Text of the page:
On social media, you can either be a generalist — producing and curating a  hodge-podge of content across many different disciplines — or you can choose to  specialize in one or a few areas. Specialists tend to bend more ears than  generalists, says Smith. “Social media is extremely noisy. You’ve got to be able  to stand out,” she says, and the best way to do this is to own a particular  subject.

Jessica Northey, founder of Tucson, Ariz.-based social-media marketing  boutique Finger Candy Media, “owns” country music, says Smith. Northey hosts a  live weekly Twitter chat and Google+  “twangout” for country-music fans. This year, Forbes ranked Northey at  No. 3 on its list of the Top 50 Social Media Power Influencers. She has more  than half a million followers on Twitter and more than 700,000 on Google+. “In  my travels, if I came across anyone in the country-music arena, Jessica would be  my choice” of someone to connect them with, Smith says.

4. Use social media to build your business,  and vice versa.

For an entrepreneur, time spent on social media might seem like a distraction  from the more important tasks central to running a business. Because it’s so  time-intensive, you should back up your thought leadership on social media with  a real profit-making enterprise. Chris Brogan, founder and chief executive of  Human Business Works, a business-training company in Portland, Maine, is one  example, says Smith. “He walks his talk. He speaks all over the world, and he  consults with a lot of companies on social media.”

In other words, Brogan demonstrates his expertise in blog posts, uses social  platforms to broadcast those posts and then uses the resulting visibility to  market himself for speaking gigs, coaching sessions and more. These, in turn,  increase his social media following. And it doesn’t hurt that he was able to  carve out a place for himself by being an early adopter of social platforms,  Smith says.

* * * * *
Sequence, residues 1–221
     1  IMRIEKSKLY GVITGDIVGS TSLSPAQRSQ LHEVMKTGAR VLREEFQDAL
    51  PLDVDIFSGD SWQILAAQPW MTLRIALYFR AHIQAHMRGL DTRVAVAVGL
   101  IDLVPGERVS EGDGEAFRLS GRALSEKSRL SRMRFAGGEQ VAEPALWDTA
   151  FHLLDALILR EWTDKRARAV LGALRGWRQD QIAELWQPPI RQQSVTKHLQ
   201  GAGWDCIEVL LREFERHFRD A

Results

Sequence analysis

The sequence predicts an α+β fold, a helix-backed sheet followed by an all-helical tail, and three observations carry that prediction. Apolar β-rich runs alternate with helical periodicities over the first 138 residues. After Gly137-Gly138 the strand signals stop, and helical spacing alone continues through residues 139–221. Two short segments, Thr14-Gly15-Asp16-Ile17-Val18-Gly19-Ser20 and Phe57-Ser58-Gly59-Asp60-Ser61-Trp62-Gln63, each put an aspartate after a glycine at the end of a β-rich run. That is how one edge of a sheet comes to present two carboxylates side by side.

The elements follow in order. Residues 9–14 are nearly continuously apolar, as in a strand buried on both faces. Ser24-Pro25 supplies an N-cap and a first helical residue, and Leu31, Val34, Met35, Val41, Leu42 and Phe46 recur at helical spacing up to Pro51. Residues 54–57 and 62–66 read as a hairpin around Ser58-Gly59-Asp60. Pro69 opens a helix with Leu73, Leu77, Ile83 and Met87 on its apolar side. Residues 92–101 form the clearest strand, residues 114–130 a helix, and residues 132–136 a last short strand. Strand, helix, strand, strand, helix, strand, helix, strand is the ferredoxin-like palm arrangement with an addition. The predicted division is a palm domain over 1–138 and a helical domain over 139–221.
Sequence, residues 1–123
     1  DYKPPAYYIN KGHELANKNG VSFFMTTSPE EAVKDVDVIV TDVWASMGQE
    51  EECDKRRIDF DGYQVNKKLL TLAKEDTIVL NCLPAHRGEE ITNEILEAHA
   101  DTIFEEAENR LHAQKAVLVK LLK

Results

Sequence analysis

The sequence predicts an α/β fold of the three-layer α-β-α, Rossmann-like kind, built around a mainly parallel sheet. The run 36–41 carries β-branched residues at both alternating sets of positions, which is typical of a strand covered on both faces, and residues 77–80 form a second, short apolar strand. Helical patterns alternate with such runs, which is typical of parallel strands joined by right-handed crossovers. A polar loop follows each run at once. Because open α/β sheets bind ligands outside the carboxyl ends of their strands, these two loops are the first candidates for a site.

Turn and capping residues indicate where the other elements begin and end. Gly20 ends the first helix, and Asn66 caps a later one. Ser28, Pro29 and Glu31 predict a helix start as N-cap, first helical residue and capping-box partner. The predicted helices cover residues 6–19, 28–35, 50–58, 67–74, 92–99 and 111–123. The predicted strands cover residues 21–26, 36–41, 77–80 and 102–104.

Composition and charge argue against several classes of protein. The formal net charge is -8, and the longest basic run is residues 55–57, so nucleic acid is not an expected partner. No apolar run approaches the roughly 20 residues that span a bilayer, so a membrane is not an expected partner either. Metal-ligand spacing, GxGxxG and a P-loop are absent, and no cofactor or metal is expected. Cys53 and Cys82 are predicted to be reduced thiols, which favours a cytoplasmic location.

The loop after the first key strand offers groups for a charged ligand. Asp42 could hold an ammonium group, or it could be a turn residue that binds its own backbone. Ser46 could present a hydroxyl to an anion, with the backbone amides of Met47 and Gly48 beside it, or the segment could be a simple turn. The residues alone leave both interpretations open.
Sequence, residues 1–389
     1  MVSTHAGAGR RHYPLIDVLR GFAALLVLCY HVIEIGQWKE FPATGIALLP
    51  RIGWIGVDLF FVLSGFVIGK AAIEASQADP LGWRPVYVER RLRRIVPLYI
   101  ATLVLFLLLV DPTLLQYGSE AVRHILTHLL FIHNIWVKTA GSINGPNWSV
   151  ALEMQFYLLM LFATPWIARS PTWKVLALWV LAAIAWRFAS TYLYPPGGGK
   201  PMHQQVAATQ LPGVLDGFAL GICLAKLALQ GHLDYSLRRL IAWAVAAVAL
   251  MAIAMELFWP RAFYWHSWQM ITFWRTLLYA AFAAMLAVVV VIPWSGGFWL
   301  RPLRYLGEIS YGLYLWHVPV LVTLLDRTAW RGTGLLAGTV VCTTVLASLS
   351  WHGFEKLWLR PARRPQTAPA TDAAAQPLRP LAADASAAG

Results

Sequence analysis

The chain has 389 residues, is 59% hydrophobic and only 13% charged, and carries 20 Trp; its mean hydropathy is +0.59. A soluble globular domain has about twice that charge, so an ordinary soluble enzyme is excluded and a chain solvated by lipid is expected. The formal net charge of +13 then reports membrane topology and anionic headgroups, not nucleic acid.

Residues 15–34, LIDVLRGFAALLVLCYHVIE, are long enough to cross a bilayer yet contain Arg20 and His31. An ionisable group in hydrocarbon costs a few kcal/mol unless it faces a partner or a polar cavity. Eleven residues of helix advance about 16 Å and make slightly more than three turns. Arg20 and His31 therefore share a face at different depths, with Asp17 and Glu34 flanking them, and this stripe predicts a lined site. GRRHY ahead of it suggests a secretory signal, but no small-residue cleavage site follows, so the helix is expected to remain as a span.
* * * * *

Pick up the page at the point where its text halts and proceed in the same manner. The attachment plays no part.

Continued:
5. Embrace each social network’s unique  culture.

Each social network has a “unique culture,” says Smith, and the best users  embrace it rather than sharing identical content across platforms. Take Cory  Booker, the mayor of Newark, N.J. He relies mainly on Twitter, where he has more  than 1.2 million followers, and Facebook, and uses each platform in a way that  takes advantage of its native capabilities.

“On Twitter, I see him retweeting people, I see him thanking people and  engaging with them,” Smith says. She also notes that Booker makes use of  hashtags, a popular way of marking your tweets for a specific purpose or larger  conversation.

On Facebook, by contrast, Booker posts less frequently. “You don’t want to  bombard people on Facebook,” says Smith. He finds more elaborate ways to involve  his community in his activities. For instance, he uploads albums of photos from  various events where he has spoken.

Some power users maintain a presence on multiple networks, Smith says, but  for most people two are enough. “Really you want to have Facebook and one other  [platform] that you’re active on,” she says.

Read more: http://www.entrepreneur.com/article/227016#ixzz2m00BC4Io